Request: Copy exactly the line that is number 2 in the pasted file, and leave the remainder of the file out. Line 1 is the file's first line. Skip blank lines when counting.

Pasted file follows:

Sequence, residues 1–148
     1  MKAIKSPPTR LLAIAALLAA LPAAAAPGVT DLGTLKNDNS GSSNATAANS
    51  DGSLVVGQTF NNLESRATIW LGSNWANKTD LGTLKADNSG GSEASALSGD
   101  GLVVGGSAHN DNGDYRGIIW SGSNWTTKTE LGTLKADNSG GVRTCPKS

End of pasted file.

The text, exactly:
     1  MKAIKSPPTR LLAIAALLAA LPAAAAPGVT DLGTLKNDNS GSSNATAANS